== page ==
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compiled by DIANA PROC TER

The New Easy by Donna Hay (HarperCollins, R455)

Donna Hay’s new cookbook is all about making things faster, simpler and tastier. It offers solutions to the ageold dilemmas of home cooks everywhere: what can I put on the table through the week that’s fast and delicious, and what do I serve on the weekend that’s a little more special? Each chapter contains clever ideas to restyle particular recipes, so if you loved Tuesday night’s lemongrass chicken, learn how to transform it into a starter for Saturday’s dinner. FICTION The High Mountains of Portugal by Yann Martel (Canongate, R295)

In Lisbon in 1904, a young man named Tomás discovers an old journal. It hints at the location of an artefact

that – if it exists – would redefine history. Thirty-five years later, a Portuguese pathologist finds himself at the centre of a murder mystery. And 50 years on, a Canadian senator takes refuge in northern Portugal, grieving the loss of his beloved wife. Part quest, part ghost story, part contemporary fable, this book takes the reader on a road trip through Portugal in the last century – and through the human soul. The Widow by Fiona Barton (Bantam, R285)

Jean Taylor’s life was blissfully ordinary. Nice house, nice husband. Glen was her Prince Charming. Until he became a man accused. But now Glen is dead. There’s a lot Jean hasn’t said over the years about the crime her husband was suspected of committing. She was too busy being the perfect wife while living with the accusing glares and the anonymous harassment. Now there’s no reason to stay quiet. But the one lesson Jean has learned is that she can make people believe anything. . .


Dia na.P roc ter@ med ia24 .com

Bev Mccullough grew up in a creative family of artists and seamstresses. She began sewing as a teenager and made her own clothes and room décor even then. That love for DIY, crafting and sewing has grown to include jewellery making and furniture refinishing. Her style is a mix between modern and vintage – she loves taking old styles and making them new again. The categories on her blog include crochet, embroidery, things to wear and home décor.

The founder of the Flying House by Traveling Mama blog is Tina Fussell. She’s a photographer, writer and stylist who loves to explore the world with her husband, also a photographer, and their three kids. They’re American but live in Copenhagen. ‘Our time in Denmark has certainly influenced our style. . . We write about everything from the best coffee shops to fashion, the coolest shops, the best travel items and the beautiful cities and landscapes we see along the way.’

Holly Marder, a South African living in Delft, the Netherlands, is an interior design journalist and stylist. She can be found styling and photographing beautiful interiors, working with clients, coordinating editorial features and collaborating with creatives. Avenue Lifestyle is where she unites her two great loves: style and the written word; a place to document finds, share projects, images and snippets of her work and life, where it all meets in one inspirational space.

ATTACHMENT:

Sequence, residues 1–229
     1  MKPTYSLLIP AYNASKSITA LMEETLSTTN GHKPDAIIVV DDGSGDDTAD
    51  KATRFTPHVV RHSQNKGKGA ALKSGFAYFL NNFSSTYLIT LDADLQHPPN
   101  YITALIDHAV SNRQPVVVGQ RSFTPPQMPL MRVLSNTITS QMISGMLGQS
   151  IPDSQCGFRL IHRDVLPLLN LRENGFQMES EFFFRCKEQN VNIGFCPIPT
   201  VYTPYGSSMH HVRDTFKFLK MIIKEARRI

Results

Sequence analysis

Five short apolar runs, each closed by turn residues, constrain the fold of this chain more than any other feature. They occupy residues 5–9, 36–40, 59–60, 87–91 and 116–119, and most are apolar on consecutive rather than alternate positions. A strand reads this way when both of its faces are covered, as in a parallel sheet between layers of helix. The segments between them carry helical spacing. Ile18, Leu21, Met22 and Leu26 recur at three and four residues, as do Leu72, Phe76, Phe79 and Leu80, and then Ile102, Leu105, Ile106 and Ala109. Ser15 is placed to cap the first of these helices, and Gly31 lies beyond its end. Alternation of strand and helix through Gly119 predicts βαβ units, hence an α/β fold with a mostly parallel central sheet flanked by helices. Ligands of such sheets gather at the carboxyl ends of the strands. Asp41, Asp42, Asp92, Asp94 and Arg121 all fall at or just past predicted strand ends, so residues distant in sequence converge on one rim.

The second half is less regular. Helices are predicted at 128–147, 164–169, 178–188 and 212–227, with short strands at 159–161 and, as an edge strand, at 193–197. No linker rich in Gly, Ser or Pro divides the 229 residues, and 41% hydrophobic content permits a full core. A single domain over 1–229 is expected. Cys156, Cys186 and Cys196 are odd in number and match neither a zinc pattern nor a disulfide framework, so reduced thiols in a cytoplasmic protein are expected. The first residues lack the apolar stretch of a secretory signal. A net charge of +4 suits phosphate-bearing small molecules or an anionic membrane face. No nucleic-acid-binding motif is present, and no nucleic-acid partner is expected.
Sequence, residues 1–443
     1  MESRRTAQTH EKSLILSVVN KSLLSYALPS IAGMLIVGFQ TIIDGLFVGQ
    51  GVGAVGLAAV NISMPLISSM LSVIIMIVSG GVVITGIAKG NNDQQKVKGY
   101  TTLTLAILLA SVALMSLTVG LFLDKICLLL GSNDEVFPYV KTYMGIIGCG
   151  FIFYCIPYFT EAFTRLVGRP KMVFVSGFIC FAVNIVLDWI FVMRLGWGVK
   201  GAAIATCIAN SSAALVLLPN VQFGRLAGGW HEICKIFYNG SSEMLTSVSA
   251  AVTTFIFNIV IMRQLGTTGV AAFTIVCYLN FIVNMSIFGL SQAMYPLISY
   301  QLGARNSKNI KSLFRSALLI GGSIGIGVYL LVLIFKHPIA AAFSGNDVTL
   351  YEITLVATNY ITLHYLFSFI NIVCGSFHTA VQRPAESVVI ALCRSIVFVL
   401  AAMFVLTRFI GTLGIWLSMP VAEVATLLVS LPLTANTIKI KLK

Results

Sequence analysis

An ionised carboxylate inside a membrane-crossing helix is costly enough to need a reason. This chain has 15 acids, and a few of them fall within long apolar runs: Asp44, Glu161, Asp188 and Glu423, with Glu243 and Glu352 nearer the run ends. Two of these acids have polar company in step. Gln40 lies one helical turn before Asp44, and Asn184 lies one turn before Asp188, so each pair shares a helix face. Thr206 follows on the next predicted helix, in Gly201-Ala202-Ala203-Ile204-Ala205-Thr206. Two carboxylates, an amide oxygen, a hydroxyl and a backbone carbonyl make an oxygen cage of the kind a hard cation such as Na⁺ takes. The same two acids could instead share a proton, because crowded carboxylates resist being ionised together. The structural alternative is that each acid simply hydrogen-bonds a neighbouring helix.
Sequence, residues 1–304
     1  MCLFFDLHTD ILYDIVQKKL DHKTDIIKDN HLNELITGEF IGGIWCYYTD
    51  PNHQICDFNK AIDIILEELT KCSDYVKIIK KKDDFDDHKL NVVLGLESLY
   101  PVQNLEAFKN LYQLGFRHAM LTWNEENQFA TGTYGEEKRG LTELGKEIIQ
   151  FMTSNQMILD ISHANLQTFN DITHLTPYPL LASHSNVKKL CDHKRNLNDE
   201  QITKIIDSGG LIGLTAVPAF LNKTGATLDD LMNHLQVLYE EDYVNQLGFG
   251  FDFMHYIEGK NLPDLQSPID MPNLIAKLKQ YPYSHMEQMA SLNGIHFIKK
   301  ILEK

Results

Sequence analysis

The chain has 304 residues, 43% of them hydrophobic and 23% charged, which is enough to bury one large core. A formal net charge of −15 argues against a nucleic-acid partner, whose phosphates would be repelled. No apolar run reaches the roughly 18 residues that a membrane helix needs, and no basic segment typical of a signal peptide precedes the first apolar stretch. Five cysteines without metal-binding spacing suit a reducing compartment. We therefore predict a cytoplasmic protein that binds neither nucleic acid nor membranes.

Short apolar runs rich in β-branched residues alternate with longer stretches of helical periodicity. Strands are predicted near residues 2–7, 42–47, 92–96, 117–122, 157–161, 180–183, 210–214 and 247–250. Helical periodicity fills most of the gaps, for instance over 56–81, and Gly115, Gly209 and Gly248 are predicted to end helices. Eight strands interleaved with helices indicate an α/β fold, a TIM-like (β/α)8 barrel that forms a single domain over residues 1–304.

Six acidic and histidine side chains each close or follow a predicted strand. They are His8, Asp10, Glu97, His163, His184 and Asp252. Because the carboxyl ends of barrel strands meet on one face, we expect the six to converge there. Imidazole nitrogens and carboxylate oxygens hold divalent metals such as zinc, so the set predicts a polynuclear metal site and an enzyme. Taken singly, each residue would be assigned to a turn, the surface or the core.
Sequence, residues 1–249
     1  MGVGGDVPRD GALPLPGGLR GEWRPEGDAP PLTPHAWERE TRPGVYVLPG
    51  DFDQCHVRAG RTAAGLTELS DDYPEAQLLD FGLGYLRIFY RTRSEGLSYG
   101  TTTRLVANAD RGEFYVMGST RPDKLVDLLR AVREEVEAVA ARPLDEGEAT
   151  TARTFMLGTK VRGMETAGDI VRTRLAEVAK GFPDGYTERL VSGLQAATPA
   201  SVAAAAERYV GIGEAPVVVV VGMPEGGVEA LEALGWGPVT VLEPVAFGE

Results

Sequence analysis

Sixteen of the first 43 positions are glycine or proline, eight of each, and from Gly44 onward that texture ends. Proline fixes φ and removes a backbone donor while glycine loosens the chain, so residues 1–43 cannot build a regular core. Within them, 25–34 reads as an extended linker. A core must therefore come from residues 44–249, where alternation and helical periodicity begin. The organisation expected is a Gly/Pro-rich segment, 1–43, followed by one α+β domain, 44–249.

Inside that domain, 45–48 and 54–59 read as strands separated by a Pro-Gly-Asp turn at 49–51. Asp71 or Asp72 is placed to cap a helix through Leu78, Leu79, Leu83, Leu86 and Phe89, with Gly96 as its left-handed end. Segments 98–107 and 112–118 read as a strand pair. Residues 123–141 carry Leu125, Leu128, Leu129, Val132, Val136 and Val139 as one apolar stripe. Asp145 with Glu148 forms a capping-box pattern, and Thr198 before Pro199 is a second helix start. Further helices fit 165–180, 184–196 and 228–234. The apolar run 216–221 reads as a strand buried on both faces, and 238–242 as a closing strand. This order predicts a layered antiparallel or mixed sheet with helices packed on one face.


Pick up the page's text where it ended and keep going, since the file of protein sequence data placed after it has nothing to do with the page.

Freelance food photographer, stylist and writer Meeta Wolff lives in Weimar, Germany. She enjoys cooking multi-cultural meals with organic ingredients. ‘As my recipes and creations became more elaborate I needed a way to express myself. I can talk, cook and eat food for hours. It never bores me. I needed a way to share my passion, findings, research and experiments and that is [why I created] a blog that mainly focuses on food.’ She also runs food photography and styling workshops and e-courses.

Food preservation, seasonal, locally sourced foods, and maintaining her pantry are the focus of Cathy Barrow’s blog. Here you’ll find her cooking, baking and canning to preserve the seasonal foods, teaching cooking classes and visiting local farmers. Her husband is mostly vegetarian and so, as well as recipes for pickles, jams and cocktails, among others, there is a large vegetarian section. ‘Food preservation, ancient ways, modern techniques . . . mix with my ever present curiosity and practical need to just make dinner.’

Based in London, Karen Ball started her blog to have fun around sewing and knitting. She believes creativity is contagious and wants to help her readers catch the needlework bug. She’s a member of The Guardian’s fashion blogger network – you can click through to her Guardian sewing posts from this blog. ‘I’d encourage anyone to create – anything! Whether it’s sewing a skirt, knitting your first scarf or writing a blog post and pressing “Publish”, it’s empowering to stand back and think, I made that.’


Shops and craf t: Dala Wat ts at dwat Food: Louisa Holst at Décor and fashion: Carin Smith at

Here is this month’s line-up of what’s new on the block and on the shelf.


If you’re in the Paarl area, call in at Spice Route and visit the beautifully curated destination store, The Trading Company. It is filled to the brim with colourful locally made products, each with a European twist. It is the brainchild and baby of Abigail Bisogno, with each item handpicked and often unique to the store.